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    Corruption in football



    Corruption in football

    Post by Guest on Sun Mar 13 2011, 06:38

    Fifa charge six in match-fixing investigation
    Fifa has opened disciplinary proceedings against six match officials in what could be the most significant case of alleged match-fixing in international football it has attempted to investigate.
    The case arises from two highly contentious friendly internationals played in the Turkish resort of Antalya last month, in which all seven goals were scored from penalties.

    In the first game, which was under the control of three officials from Bosnia-Herzogovina, Latvia beat Bolivia 2-1.

    The second match was a 2-2 draw between Bulgaria and Estonia, which was overseen by officials from Hungary. All seven goals came from penalties, including one that was ordered to be retaken after the initial attempt was missed.

    Fifa was alerted to concerns over the games in Antalya by all four countries, who shared concerns over the quality and origin of the match officials even before the games kicked off on Feb 9.

    Irregular betting patterns on the matches, specifically the volume of bets on the market for total goals, are understood to have been drawn to Fifa’s attention. Fifa said yesterday it was investigating “a possible match-fixing situation”.

    The heavy betting volume came despite only the Bulgaria-Estonia game being televised, and it was carried only in Bulgaria. Fewer than 200 people attended the matches.

    The matches were organised by Singapore-based agency Footy Sport International.

    An official from one of the competing nations told The Daily Telegraph that the agency is run by Anthony Raj Santia, a Singapore national. The official said Santia was in Antalya and played a central role in organising the matches.

    There is no suggestion of any wrongdoing by the company or Santia.

    The Hungarian Federation confirmed yesterday that the three officials under investigation are Kolos Lengyl, Krisztian Selmeczi and Janos Csak, all of whom have been suspended.

    The Hungarian Football Federation stressed that the Hungarian officials had travelled to Antalya without their permission.

    “The referees say they were invited to take a youth game but only when they arrived were they told they were taking a friendly international,” said a spokesman.

    “They are not able to take internationals.”

    Lengyl was involved in an equally controversial match last December when he oversaw an under-20 international between Argentina and Bolivia in Cordoba.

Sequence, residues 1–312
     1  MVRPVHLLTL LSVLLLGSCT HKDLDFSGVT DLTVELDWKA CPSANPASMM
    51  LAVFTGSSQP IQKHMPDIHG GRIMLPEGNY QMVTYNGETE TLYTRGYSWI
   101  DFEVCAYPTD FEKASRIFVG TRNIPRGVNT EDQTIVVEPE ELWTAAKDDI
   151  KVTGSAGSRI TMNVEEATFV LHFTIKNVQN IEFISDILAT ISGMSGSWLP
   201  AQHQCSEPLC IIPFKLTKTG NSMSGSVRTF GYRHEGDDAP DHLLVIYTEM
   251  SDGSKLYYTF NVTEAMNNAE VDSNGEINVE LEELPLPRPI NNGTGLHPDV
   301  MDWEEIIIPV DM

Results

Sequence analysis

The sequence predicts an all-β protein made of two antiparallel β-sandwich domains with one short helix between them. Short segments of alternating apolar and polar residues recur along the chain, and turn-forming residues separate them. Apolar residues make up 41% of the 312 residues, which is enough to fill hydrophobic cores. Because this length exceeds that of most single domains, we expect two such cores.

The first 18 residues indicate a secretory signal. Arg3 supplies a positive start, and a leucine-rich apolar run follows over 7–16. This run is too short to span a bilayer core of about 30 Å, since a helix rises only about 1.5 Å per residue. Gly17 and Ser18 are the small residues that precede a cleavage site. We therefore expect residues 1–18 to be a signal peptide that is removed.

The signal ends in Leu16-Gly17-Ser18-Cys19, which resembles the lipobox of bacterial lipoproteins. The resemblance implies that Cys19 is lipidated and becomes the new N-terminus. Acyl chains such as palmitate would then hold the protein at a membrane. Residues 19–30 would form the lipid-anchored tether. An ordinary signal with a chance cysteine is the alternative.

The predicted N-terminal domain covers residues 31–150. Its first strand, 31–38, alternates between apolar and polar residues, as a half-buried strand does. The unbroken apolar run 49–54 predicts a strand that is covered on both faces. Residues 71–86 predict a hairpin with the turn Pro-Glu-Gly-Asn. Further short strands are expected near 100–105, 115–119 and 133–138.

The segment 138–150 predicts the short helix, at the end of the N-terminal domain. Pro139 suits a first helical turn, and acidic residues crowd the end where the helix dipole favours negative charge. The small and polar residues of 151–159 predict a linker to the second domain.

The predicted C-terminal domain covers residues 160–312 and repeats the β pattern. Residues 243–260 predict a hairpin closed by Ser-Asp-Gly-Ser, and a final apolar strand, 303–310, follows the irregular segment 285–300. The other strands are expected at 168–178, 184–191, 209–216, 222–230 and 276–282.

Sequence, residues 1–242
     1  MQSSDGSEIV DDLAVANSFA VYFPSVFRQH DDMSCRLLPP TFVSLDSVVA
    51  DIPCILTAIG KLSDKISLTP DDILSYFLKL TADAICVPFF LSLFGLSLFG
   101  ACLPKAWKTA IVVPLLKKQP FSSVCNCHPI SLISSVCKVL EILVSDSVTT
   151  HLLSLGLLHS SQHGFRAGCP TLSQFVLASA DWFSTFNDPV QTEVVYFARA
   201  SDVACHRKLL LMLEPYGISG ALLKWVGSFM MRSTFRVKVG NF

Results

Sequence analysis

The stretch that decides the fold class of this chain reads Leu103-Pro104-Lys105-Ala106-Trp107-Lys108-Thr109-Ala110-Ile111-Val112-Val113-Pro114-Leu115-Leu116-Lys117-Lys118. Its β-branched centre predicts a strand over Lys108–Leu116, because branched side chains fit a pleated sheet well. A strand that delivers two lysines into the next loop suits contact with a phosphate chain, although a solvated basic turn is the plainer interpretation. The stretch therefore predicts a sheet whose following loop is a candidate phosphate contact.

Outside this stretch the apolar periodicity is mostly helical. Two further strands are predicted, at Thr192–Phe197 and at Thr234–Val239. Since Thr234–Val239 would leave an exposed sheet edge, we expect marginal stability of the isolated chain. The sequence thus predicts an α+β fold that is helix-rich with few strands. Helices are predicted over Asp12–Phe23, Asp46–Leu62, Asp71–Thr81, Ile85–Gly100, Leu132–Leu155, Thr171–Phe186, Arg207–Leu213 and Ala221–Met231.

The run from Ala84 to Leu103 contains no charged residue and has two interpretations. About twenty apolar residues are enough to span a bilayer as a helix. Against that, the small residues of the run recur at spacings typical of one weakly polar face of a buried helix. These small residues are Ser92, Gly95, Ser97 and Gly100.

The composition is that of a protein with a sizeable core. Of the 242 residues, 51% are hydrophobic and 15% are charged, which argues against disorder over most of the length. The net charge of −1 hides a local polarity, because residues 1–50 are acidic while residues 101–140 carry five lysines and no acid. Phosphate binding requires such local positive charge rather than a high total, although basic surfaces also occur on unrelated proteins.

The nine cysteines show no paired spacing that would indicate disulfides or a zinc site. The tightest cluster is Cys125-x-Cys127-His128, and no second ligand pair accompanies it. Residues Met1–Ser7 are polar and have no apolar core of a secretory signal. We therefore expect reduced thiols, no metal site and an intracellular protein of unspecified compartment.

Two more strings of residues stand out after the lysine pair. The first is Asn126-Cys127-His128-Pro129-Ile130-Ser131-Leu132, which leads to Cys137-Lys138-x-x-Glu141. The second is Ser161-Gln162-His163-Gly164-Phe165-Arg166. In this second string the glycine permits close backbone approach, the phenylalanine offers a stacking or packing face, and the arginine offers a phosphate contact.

He added 12 minutes of injury time which ended when Argentina scored a penalty to win 1-0.

    Three Bosnian officials, Sinisa Zrnic, Kenan Bajramovic and Riza Ridzozovic, were banned for life by the Bosnian Football Association last week, and are the subject of Fifa’s investigation.

    There was major confusion over the identity of the Bosnian officials prior to the Latvia-Bolivia game, with the teams initially told the officials were from the Czech Republic, and one of them indicating to officials from another federation that he was from Croatia.

    The Latvian Football Federation demanded an explanation from Footy Sport International, who claimed that the original officials from the Czech Republic had withdrawn at short notice, leading to the confusion.


    Re: Corruption in football

    Post by Guest on Sun Mar 13 2011, 06:42

    Fifa investigates possible match fixing after seven goals - all penalties - are scored in two friendly internationals
    The credibility of friendly international matches and Fifa’s ability to adequately regulate them is facing a fresh challenge after serious suspicions of match fixing were raised over two games held on Wednesday last week in Turkey.

    Fifa confirmed to Telegraph Sport on Tuesday that it was examining whether there were suspicious betting patterns surrounding Bolivia’s 2-1 defeat of Latvia and the 2-2 draw between Estonia and Bulgaria.

    The games were played consecutively on neutral territory at the Mardan Stadium in Antalya. All seven goals were penalties, an outcome described by one bookmaking source as “freakishly unlikely”. One of the penalties was ordered to be retaken after the first kick was missed.

    Sources have told Telegraph Sport that Fifa is examining whether the games were manipulated to enable gamblers to profit on the market for total goals in each game.

    Both matches are understood to have been handled by the same team of Hungarian officials, who, according to the authorities in Budapest, were qualified only to officiate in the third tier of domestic football. The referee, identified as Kolos Lengyl, and his assistants, have been suspended by the Hungarian football federation pending the outcome of the inquiry.

    Fifa confirmed that it was investigating the matches after being alerted by “various sources”, and claimed that its Early Warning System, which monitors betting patterns with legitimate bookmakers, had informed the investigation. Telegraph Sport can disclose, however, that Uefa and Fifa were alerted to concerns over the games as early as Jan 29.